One of my goals this spring was to build, fill and grow plants in two raised beds in my back yard. We built the boxes several weekends ago, per instructions on The Pioneer Woman. My husband and I spent most of two days building them, with "help" from our 4-year-old. Thankfully, my 6-month-old cooperated by taking some good naps so that we could get the job done.
Because I've never done a real garden before, I wanted to give myself a shot at success by bringing in good soil. Gotta love this southern clay/rocky soil we've got here, but it would need a lot of amending to be fertile for vegetables. We built two boxes, one 6 inches deep for herbs and small vegetables, and the other 12 inches deep, for growing potatoes, carrots and anything else that needs deep roots.
A local landscaping company delivered 5 yards (which my geology genius husband confirms weighs over 5 tons) of "potting soil" (already has sand and compost mixed in - and side note- the first time I typed the previous phrase I wrote "pottying soil". nice.) and they dumped it on our driveway. Unfortunately for us, the garden is in the back and all that dirt had to be carted one wheelbarrow-full at a time. To date, all the dirt has successfully been transported to the back (thanks in part to an industrious young teenage boy looking to earn some money), though about half the dirt is still in mounds and needs to be worked into some landscaping areas.
I am champing at the bit to get my seedlings planted, but it would be prudent to wait another week or so, just to the weather is warm enough. I did plant some potatoes already, but have yet to see any sprouts. Its sort of silly how excited I get to see if anything has popped up. Below is a photo of a couple of squash plants I started from seed a few weeks ago. Yes, I know the pot is broken. I have my suspicions as to how it got that way. :)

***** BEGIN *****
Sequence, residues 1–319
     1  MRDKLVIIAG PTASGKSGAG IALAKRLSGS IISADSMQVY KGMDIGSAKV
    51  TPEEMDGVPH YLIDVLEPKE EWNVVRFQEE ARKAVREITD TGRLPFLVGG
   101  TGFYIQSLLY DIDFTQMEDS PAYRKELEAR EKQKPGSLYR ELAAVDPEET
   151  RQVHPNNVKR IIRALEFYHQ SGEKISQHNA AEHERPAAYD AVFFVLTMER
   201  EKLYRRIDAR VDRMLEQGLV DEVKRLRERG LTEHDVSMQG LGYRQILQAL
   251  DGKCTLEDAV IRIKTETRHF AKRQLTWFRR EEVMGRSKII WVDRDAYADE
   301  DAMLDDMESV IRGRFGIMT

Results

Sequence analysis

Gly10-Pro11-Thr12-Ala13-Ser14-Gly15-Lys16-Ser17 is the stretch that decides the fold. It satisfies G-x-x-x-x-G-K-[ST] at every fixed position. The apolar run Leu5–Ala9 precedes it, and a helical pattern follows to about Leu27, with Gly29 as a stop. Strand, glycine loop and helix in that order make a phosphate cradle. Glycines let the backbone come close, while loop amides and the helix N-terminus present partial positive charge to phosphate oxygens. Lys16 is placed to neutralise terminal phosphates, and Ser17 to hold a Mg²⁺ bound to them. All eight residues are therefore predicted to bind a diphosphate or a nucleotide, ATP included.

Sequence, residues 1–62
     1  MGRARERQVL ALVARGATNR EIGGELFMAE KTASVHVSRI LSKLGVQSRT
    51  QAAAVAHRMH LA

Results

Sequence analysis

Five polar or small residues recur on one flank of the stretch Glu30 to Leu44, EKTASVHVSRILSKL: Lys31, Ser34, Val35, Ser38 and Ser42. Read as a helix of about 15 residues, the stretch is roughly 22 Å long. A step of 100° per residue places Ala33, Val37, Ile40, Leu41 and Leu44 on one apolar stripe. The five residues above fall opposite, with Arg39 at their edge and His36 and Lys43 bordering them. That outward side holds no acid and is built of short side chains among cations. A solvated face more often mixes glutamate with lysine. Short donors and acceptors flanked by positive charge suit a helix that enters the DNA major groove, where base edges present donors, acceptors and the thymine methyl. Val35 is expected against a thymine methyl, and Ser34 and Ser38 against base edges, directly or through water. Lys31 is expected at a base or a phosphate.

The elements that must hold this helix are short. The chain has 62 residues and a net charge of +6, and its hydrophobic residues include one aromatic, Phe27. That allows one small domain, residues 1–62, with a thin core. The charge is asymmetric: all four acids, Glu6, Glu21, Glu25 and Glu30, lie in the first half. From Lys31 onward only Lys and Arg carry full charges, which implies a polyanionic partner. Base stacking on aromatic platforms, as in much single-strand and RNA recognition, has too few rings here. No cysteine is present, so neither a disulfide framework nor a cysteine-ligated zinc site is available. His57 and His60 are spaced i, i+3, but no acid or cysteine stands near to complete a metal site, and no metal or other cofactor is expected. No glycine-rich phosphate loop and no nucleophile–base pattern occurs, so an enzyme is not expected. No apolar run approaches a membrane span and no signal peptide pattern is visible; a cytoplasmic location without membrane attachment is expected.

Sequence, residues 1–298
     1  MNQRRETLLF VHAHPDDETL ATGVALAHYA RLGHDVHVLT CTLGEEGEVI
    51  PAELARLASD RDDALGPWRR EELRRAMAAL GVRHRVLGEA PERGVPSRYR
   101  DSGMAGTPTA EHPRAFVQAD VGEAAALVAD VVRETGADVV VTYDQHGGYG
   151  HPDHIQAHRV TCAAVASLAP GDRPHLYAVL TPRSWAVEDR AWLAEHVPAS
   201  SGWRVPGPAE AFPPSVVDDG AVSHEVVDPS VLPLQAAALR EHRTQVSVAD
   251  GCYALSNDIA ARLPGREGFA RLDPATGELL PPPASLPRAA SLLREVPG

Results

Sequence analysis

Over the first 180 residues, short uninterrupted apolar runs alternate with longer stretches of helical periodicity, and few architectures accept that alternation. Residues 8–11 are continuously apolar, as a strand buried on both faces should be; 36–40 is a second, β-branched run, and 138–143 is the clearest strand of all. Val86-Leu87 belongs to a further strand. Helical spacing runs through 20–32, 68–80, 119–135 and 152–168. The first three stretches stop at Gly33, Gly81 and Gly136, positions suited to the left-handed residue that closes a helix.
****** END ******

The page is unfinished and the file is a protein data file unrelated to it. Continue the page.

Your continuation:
In addition to the vegetable garden, I am planning a small succulent garden underneath a willow tree, incorporating it into a little rock wall that separates the back yard from the rest of our little property. Like the vegetable boxes, I lined this area with newspaper and filled it in with dirt. The newspaper was about 5-10 layers thick, which should will be enough to block weeds coming up. My little helper was ready to dump dirt before the area was fully prepped.
A third gardening goal this spring and summer is an easy one... I want to grow a flower garden, not only to soften up all the brick of our house and retaining walls, but also for cutting and bringing fresh zinnias and sunflowers into the house. Overlooking the driveway from a retaining wall, there was a pathetic little juniper garden, which I ripped out this week (photo below), and now I plan on working some compost and "pottying" soil into the clay and then scattering a mix of seeds out there. Simple enough, and I hope it will be low maintenance, but high impact.
My last idea for the yard is to plant some sort of border plants along the front of the house and along the rock wall in the back yard. I don't have anything particular in mind, but I am sure I will fall in love with many options when I hit the nursery next week.
Certainly gardening like this requires some forethought. I have never built a garden from scratch, though I have inherited two gorgeous perennial gardens in two different homes we previously owned. I am much more invested in planning and planting now more than before. In the past, the gardens were burdens to upkeep, rather than something to be enjoyed. Now I feel like the interest, time and passion is there... I almost feel like I'm working my homestead (inside and out), as opposed to solely focusing on the inside.
What do you think? Do you enjoy gardening? Do you enjoy someone else gardening? What are you planting this year? Any suggestions for perennial border plants?